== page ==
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Smoke Zone

photo, cafe la liberte

Neon nights are year–round.

Smell of September

by Ric Erickson

Paris:– Monday, 22. August 2005:– THis morning the air had a bounce to it, a bit of freshness, a lilt, some tonic – but no outright fizz. It seemed like overnight a gear changed, something vital shifted, and the air is not of August but of next month. September is in the air. Coming back from getting the paper my nose seemed to think garlic was in the air. Garlic and spices were floating down Daguerre – could it be September's new smell?

It was probably the west wind, and the Thai soup place had its door open. The scent lasted for a couple of blocks and disappeared when I turned a corner. Then things looked like they did last week. It's only the air that's changed. Paris–Plage rolled up its sandbox yesterday and put its parasols in storage. We have to get used to another season sans seashells.

The weather is hanging in though. Tonight's TV–weather news featured a mixed bag for the near future. While there has been heavy rain in the Swiss Alps, this is lurking over eastern France. Here, the whole northwest of the country will enjoy nearly all–sunny times tomorrow, and a high temperature in the afternoon of 23 degrees.

On Wednesday a rainy front will invade France's most westerly regions. Unless this advances further, fasterphoto, paris plage, tour eiffel than foreseen, it should be another semi–sunny day here. The temperature is supposed to slide a degree, down to 22.

For another year, goodbye seashells.

By Thursday the nasties will cover just about the whole country, leaving us to expect dark clouds and rain. This will probably mean a lot of clouds and a little bit of rain from time to time. Say around 14:00 when I go to the club meeting and again about 17:00 when I'm thinking of returning. A temperature of 21 degrees is forecast, so it will hardly be as bad as October.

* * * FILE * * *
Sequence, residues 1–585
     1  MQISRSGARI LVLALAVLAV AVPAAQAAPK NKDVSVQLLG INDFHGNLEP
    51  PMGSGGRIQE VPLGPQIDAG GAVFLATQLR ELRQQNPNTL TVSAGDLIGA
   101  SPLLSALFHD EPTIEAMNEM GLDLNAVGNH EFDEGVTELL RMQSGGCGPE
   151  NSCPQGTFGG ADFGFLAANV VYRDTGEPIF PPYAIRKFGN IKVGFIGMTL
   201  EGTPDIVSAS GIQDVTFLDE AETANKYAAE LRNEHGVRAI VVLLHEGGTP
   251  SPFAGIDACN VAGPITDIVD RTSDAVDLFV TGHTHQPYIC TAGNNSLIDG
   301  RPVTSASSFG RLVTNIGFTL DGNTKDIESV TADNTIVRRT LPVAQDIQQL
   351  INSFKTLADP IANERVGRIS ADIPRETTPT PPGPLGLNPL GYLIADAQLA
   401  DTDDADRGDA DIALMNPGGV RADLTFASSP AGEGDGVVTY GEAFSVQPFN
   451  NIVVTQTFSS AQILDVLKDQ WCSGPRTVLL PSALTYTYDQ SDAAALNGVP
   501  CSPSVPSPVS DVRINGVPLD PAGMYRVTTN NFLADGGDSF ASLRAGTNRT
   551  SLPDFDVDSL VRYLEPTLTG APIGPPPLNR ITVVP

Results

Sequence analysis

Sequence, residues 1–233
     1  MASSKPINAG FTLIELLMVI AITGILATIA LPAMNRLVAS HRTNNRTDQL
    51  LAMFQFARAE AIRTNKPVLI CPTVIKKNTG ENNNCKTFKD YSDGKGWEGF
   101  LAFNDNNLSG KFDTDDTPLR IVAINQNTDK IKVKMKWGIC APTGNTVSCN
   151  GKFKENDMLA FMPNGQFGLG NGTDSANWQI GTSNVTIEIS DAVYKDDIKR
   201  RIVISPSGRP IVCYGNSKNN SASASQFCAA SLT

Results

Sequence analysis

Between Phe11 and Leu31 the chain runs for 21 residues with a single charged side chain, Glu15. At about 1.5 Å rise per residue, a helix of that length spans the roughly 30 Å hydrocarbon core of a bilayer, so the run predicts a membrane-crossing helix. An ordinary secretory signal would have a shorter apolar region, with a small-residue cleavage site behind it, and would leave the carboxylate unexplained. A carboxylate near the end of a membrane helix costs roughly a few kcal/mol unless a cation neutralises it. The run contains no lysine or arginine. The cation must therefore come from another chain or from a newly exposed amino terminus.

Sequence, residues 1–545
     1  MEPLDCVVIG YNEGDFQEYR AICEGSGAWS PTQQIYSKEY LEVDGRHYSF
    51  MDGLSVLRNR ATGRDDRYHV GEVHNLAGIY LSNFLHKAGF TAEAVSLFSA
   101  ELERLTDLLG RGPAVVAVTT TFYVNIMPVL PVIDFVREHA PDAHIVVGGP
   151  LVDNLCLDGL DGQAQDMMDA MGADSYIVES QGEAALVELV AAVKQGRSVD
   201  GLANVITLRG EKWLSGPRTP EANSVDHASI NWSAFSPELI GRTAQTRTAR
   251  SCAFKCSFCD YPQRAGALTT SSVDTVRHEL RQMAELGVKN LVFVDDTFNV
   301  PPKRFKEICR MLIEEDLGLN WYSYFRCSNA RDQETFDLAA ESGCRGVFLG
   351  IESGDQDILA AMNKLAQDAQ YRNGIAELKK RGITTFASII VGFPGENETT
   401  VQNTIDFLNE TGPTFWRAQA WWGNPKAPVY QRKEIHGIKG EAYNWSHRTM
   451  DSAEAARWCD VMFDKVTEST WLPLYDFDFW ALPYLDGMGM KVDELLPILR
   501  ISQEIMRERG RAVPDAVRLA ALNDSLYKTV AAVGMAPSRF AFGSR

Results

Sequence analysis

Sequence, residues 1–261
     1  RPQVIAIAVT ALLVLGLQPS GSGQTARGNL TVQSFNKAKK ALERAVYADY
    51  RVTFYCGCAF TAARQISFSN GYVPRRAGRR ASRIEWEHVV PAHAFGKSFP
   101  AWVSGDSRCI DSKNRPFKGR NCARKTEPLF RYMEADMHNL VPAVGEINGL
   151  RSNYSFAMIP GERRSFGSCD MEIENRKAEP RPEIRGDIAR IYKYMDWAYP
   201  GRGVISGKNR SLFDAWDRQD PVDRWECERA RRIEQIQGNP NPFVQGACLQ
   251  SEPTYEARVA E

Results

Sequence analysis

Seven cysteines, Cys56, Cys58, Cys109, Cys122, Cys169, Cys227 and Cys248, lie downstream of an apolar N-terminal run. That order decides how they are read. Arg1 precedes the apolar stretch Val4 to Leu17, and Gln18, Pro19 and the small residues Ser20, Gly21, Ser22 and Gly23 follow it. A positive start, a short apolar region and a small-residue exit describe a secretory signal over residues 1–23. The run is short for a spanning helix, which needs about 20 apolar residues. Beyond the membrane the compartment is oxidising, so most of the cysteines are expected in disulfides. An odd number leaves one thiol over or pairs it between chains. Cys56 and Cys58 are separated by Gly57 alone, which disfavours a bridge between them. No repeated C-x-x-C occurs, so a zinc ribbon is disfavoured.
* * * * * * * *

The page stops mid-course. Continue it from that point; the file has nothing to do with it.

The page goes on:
Eyes focused on the heavens, this week Météo Jim sends a foreboding seasonal note about Angles, Saxons and lingonberries, not exactly in and around New York City, but apt for Labrador or Scandinavia.

Bugs Tune Up Earlier

Expect someone to toss Sirius a bone or a woofy treat and get him out of Pommeland for the coming week. Temperatures are expected to be in the mid 80's a–grad – which is upper 20's e–grad.

On Midsummer's Night in the northern Germanic lands – a concept not recognized in Paris – the Angles angle for new and improved ways to plunder, the Saxons look for new places to sack, and the Swedes linger over lingonberries. The sun sets around 10 PM or later. But in Pommeland, the sun goes down at 8:30 which leaves a less white night than in the countries across the pond. Even though summer still has a month to go, the sun sets tonight at 7:46. (In Paris, sunset is about 8:50.)

Late in the afternoon, there is a small but noticeable shift in the shadows from the declining sun. A new season slowly enters. Reds and yellows are starting to appear and end–of–summer insects are now singing in the advancing evenings.

Café Life

This week another slim and semi–whole issue is served up. I did some work on the coming Scène column, mainly cutting items that have expired in the two weeks since I last attacked it. This gave me the idea of waiting a couple more weeks until there's nothing left. But this will never do – there is a fall season coming up in Paris. If I don't get Metropole's events online soon everybody who copies them will have to do their own.

Smoke Zone

Just over a year ago I fell into Le Smoke in the Rue Delambre. I could have stopped in the Rosebud or Le Scott, a couple of hard booze troquets, but I was looking for the unashamed, the incorrect, anphoto, smoke bar unapologetically Parisian kind of joint, upfront enough in this day and age to hang out a sign created to dissuade whiners and victims, who might be seeking clean air to breathe and pastel parasols on their cocktail swizzle sticks.

The café–restaurant has a wood front that looks like it was hand carved by sturdy elves in Alsace, meant to impress their cousins from the Schwarzwald cuckoo clock industry across the river. Light wood brown outside, it looks as solid as an ethnic Swiss bank, but the painted Smoke on its front looks like somebody woozily dragged too deeply on it.

Last year I went by Le Smoke because it was in danger of extinction. The building it's in is owned by the social conglomo Hôpitaux de Paris, which wasn't going to renew the lease because it wanted to remodel the building as a tenement for nurses.

This is Montparnasse, this Rue Delambre. Next door to Smoke is the Hotel des Bains, a place where Simone de Beauvoir hung her hat. At the time, in 1935, the hotel probably only had a bath per floor. I laugh every time I see the sign. But nurses? Next door to the Hotel des Bains?

Nine years ago Lazhar Benhabhab borrowed the name 'Smoke' from the movie written by Paul Auster, and created a bar that is not so fine and nice, but is sturdy and a bit ratty and has some odd corners and weird Swiss windows, but you can sit or stand at the bar or sit at a table and eat for a reasonable price, and it's good enough if you don't mind everybody being on top of each other and thus noisy, and well, smokey too.